WASHINGTON – An adult in central Maryland is the state’s first person to contract West Nile virus and show symptoms in 2012.
The U.S. Department of Defense detected the virus in a pool of mosquitoes collected at a trap site in Montgomery County, according to the Maryland Department of Health and Mental Hygiene. A few tests throughout the state have come back positive for West Nile.
The CDC reports that West Nile season is off to an early start this year.
Most people who contract the virus do not show symptoms, according to the DHMH. For those who do, common symptoms include fever, headache, body aches, skin rashes and swollen lymph glands. Symptoms typically appear within three to 15 days following the bite of an infected mosquito, according to the department.
Less than one percent of people who are infected show more severe symptoms like neck stiffness, stupor, disorientation or convulsions, according to the DHMH.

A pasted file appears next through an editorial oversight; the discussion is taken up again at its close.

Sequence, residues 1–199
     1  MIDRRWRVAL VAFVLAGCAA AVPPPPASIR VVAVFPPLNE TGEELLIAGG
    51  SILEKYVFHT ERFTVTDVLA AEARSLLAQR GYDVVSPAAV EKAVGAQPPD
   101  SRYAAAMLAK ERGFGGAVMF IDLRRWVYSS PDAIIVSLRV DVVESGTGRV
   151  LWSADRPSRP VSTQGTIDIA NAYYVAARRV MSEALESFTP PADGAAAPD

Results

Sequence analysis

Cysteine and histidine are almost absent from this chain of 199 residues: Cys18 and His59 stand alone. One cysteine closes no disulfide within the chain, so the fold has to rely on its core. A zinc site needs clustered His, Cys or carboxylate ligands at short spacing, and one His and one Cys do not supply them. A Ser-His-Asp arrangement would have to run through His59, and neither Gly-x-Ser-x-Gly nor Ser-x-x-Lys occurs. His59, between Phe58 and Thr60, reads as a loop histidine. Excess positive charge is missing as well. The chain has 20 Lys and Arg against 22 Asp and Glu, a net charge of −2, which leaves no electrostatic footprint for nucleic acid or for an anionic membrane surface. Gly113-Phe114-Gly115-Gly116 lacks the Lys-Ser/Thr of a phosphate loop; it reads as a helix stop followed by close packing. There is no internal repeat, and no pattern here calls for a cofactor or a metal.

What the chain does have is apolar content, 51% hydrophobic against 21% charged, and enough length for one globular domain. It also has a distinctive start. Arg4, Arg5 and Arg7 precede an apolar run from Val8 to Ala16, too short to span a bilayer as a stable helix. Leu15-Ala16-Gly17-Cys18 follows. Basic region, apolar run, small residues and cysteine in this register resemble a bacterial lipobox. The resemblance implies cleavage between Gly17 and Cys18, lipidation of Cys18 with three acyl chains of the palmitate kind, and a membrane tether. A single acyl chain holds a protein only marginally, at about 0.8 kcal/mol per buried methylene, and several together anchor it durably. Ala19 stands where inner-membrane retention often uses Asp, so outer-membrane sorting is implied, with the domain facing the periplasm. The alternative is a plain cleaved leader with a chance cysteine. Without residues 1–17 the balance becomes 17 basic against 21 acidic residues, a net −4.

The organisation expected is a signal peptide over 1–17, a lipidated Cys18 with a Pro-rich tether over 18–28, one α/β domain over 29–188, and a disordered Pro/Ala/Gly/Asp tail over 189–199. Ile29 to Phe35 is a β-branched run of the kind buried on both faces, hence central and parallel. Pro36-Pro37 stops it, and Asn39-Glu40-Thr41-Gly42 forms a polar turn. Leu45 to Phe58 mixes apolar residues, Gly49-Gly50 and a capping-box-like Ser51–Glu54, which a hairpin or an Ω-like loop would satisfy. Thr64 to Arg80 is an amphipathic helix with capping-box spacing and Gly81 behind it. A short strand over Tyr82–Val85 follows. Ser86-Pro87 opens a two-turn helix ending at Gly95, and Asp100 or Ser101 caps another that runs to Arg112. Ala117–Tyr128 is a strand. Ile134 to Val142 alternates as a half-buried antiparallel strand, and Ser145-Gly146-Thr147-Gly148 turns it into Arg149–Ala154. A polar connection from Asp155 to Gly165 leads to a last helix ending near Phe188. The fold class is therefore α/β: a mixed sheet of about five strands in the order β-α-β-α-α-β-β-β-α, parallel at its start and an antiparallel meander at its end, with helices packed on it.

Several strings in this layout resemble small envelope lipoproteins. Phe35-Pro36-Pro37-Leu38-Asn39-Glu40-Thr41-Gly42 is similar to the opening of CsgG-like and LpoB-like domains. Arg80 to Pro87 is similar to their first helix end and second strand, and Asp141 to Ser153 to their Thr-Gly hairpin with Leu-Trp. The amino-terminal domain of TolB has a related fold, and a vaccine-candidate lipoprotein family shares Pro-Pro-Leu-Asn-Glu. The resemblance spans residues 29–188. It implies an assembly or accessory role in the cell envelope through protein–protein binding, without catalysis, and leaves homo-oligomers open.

People over 50 and people who have a weakened immune system have a higher risk of becoming infected.
The DHMH is urging people to take protective measures:
Avoid areas where there are a lot of mosquitoes
Avoid being outdoors at dawn and dusk, when mosquitoes are most active
Wear long pants, long-sleeved shirts and hats when concerned about mosquito exposure
Use an EPA-registered insect repellent
“West Nile Virus continues to threaten the health of Maryland residents,” says DHMH Secretary Dr. Joshua M. Sharfstein in a press release. “These findings remind us that there are basic actions we can all take to reduce our risk of getting infected.”
Maryland is not in an area of the country that has a greater number of West Nile Virus infections, according to the Center for Disease Control and Prevention. In 2003, 73 human cases of the virus were reported. In 2010, 23 human cases were reported and 19 were reported last year.